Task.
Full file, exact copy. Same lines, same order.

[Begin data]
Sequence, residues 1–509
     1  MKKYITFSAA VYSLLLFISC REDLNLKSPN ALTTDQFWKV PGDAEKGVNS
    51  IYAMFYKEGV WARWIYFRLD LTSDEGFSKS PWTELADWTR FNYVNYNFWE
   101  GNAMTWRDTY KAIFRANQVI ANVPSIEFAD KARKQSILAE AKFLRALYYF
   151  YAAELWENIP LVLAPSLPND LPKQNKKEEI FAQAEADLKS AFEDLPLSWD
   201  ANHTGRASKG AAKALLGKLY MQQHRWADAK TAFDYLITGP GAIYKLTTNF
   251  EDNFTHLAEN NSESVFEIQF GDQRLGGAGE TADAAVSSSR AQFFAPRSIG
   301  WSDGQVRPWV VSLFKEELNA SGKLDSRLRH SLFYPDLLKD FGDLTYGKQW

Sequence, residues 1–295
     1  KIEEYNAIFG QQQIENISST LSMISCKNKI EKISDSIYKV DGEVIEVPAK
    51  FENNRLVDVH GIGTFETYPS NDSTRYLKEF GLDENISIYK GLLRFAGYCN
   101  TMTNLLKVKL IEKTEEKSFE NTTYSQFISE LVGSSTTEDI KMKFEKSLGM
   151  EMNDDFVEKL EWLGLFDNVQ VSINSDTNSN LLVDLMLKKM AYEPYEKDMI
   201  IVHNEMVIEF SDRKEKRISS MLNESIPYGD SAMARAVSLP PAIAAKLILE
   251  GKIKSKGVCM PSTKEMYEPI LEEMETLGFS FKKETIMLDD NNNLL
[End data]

Sequence, residues 1–509
     1  MKKYITFSAA VYSLLLFISC REDLNLKSPN ALTTDQFWKV PGDAEKGVNS
    51  IYAMFYKEGV WARWIYFRLD LTSDEGFSKS PWTELADWTR FNYVNYNFWE
   101  GNAMTWRDTY KAIFRANQVI ANVPSIEFAD KARKQSILAE AKFLRALYYF
   151  YAAELWENIP LVLAPSLPND LPKQNKKEEI FAQAEADLKS AFEDLPLSWD
   201  ANHTGRASKG AAKALLGKLY MQQHRWADAK TAFDYLITGP GAIYKLTTNF
   251  EDNFTHLAEN NSESVFEIQF GDQRLGGAGE TADAAVSSSR AQFFAPRSIG
   301  WSDGQVRPWV VSLFKEELNA SGKLDSRLRH SLFYPDLLKD FGDLTYGKQW

Sequence, residues 1–295
     1  KIEEYNAIFG QQQIENISST LSMISCKNKI EKISDSIYKV DGEVIEVPAK
    51  FENNRLVDVH GIGTFETYPS NDSTRYLKEF GLDENISIYK GLLRFAGYCN
   101  TMTNLLKVKL IEKTEEKSFE NTTYSQFISE LVGSSTTEDI KMKFEKSLGM
   151  EMNDDFVEKL EWLGLFDNVQ VSINSDTNSN LLVDLMLKKM AYEPYEKDMI
   201  IVHNEMVIEF SDRKEKRISS MLNESIPYGD SAMARAVSLP PAIAAKLILE
   251  GKIKSKGVCM PSTKEMYEPI LEEMETLGFS FKKETIMLDD NNNLL